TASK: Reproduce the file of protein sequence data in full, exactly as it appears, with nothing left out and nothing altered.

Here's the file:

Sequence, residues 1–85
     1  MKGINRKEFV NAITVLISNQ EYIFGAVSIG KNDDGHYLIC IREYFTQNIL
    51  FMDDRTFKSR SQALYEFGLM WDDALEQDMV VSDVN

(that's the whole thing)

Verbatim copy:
Sequence, residues 1–85
     1  MKGINRKEFV NAITVLISNQ EYIFGAVSIG KNDDGHYLIC IREYFTQNIL
    51  FMDDRTFKSR SQALYEFGLM WDDALEQDMV VSDVN